For several years now, I’ve refused to buy hardcover books. I don’t like the added expense, of course, but mostly, I just don’t like the extra bulk and really don’t like how they feel in my hand: too much like textbooks or hymnals. I don’t need to be reminded of either when I’m trying to read something fun. As a result, I’m consistently a year or two behind everyone else with my reading, a (discount) price I’m willing to pay.
David Sedaris has long been one of the rare exceptions to this rule, and with his new book Calypso being released in May, I figured I’d bite the bullet again. Small problem, though: my embargo on buying and reading books by men, implemented after I discovered my CBR reading list and personal library were heavily skewed towards male authors. I’d intended to follow through at least to the end of the year. Sedaris would have to wait.
And then I found his newly released book in paperback in Schiphol airport on a layover coming home from Sweden, and I hesitated briefly before rationalizing my way to the cash register. Bought and tucked away, I planned to save it for the proverbial rainy day.
After the long slog through Pachinko, I just wanted something quick and breezy, and Sedaris will always fill that need hole for me, so I plucked it off the shelf far sooner than I anticipated. On the surface, Calypso seems no different from his other books, filled with stories and anecdotes about his family, his partner Hugh, and his adventures with travel and living abroad. I finished this book three weeks ago but still find myself giggling when I think about young David forced to help clean out the mess left behind after he started flushing the empty toilet paper rolls, or when I think about the punny but still clever name for their recently-acquired family beach house that mentions at every opportunity, or when I think about him wearing in public some of the bonkers clothes he bought in Tokyo with his sister Amy.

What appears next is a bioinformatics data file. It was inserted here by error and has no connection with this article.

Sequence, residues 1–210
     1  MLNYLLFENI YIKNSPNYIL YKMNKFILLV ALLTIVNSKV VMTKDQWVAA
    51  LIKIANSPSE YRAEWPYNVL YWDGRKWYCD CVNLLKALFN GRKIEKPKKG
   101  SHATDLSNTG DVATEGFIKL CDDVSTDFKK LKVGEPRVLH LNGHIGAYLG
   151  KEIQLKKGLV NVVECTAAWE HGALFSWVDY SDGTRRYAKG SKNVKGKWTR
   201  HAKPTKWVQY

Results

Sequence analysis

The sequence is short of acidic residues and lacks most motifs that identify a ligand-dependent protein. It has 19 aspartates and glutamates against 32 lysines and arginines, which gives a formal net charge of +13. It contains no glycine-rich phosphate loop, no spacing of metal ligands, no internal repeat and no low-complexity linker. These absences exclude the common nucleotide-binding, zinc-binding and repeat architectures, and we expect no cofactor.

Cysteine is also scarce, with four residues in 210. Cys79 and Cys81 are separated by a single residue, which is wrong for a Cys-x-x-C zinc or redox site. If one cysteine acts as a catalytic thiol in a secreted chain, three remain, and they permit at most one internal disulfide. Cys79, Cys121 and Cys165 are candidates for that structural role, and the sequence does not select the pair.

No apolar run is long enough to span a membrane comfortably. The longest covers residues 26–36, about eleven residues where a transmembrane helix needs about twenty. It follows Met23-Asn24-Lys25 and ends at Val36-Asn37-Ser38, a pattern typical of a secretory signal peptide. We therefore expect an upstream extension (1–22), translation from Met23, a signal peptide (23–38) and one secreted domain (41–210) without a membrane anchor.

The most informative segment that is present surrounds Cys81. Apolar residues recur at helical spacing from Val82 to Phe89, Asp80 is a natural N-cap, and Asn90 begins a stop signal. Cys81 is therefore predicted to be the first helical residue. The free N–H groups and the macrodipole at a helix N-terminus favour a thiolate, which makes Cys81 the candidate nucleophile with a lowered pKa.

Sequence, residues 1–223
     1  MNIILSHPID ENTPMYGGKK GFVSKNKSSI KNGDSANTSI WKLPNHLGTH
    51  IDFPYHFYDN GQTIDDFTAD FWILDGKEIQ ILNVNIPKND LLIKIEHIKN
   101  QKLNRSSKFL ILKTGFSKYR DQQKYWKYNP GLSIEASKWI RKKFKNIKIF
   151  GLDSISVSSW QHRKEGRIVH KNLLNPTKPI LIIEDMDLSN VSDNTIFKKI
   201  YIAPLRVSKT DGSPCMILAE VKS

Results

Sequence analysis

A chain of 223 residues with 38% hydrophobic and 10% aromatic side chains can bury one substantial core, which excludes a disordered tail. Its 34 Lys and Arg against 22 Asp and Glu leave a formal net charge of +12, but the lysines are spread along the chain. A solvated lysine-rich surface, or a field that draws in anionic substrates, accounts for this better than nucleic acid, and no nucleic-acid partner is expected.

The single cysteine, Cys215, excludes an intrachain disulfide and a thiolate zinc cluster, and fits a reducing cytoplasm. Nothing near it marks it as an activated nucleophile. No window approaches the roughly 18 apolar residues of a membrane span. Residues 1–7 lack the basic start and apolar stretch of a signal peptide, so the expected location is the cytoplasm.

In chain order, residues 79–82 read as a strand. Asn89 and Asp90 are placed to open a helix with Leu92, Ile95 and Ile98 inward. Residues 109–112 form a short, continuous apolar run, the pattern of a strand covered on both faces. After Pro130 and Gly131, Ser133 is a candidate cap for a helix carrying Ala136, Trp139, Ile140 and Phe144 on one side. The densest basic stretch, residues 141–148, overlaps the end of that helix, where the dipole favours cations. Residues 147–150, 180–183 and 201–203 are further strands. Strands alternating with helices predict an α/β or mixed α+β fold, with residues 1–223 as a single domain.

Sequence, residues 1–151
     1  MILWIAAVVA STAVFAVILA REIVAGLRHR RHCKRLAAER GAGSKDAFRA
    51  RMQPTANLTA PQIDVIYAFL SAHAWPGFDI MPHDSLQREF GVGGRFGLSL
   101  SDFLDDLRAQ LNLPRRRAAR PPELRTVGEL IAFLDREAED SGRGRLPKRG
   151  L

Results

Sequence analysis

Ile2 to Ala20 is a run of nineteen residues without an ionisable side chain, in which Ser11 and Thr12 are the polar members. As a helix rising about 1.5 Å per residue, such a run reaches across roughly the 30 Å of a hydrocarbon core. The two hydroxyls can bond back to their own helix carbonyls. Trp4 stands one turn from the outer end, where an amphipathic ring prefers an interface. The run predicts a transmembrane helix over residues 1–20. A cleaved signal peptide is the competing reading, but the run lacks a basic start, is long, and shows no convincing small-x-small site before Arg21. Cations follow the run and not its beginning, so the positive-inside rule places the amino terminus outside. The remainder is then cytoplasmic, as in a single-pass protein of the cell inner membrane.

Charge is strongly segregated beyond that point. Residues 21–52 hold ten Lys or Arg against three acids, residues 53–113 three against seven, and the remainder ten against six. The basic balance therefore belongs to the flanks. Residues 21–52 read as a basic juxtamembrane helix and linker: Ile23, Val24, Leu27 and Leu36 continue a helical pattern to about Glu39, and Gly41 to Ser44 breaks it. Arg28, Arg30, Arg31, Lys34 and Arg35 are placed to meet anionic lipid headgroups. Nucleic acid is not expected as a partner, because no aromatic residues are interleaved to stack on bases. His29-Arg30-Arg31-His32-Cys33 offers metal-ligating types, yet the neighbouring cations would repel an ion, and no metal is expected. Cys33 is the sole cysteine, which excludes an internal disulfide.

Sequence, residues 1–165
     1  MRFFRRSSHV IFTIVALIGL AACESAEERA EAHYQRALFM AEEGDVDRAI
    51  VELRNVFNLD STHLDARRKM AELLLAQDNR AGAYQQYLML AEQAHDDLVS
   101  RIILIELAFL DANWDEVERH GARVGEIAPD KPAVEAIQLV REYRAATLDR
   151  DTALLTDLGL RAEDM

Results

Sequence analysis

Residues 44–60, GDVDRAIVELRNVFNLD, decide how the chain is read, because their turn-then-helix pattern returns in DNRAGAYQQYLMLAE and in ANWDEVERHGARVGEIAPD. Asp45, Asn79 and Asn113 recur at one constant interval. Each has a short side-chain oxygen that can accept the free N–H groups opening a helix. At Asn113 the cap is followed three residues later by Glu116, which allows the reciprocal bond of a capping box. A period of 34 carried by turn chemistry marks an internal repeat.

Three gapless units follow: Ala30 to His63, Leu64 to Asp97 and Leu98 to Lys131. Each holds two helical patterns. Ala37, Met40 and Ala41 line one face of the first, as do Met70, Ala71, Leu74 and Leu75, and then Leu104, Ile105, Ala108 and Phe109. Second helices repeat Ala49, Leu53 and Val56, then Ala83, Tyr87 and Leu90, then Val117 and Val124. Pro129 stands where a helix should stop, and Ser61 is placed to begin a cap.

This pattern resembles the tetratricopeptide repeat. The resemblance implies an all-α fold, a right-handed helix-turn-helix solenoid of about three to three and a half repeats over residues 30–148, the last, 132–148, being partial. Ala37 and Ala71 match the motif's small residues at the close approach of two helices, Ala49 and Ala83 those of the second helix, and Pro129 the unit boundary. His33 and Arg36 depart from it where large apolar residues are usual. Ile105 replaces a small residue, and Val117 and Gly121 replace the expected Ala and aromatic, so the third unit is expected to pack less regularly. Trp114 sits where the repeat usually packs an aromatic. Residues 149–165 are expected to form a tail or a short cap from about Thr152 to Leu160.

There’s a new twist, though, a melancholic air that comes with reaching and then edging past middle age. He discusses some of the perks, such as having a guest room and buying a vacation home, but mostly, he talks about losses, some big and immediately life-altering, others small but cumulative.
The biggest loss was his youngest sister, Tiffany, who died of suicide in 2013. That subject has been on my mind lately, as it has with many of us, following the losses of Anthony Bourdain and Kate Spade, in addition to a higher-than-usual concentration of the subject in my reading materials. I didn’t know about Tiffany, so it came as a bit of a shock. It’s a subject that comes up repeatedly through the book both in dealing with the loss as well as with the complicated emotions around losing someone close with whom he had such a fractured relationship.
This theme of loss runs throughout. Sedaris writes quite a lot about his mother, her profound influence on his own storytelling, and how much he still misses her more than 20 years after her death. He includes several bits about his aging father and how much more each family gathering is weighted with importance, knowing that they will become fewer and fewer. He talks about a new obsession with his FitBit, obviously a nod to his obsessive/compulsive nature but undoubtedly also a bid to stave off his own impending old age.
I’m glad I made this exception for Sedaris. I’ve loved all of his books since first reading Naked all those years ago, and this ranks right up there with his best.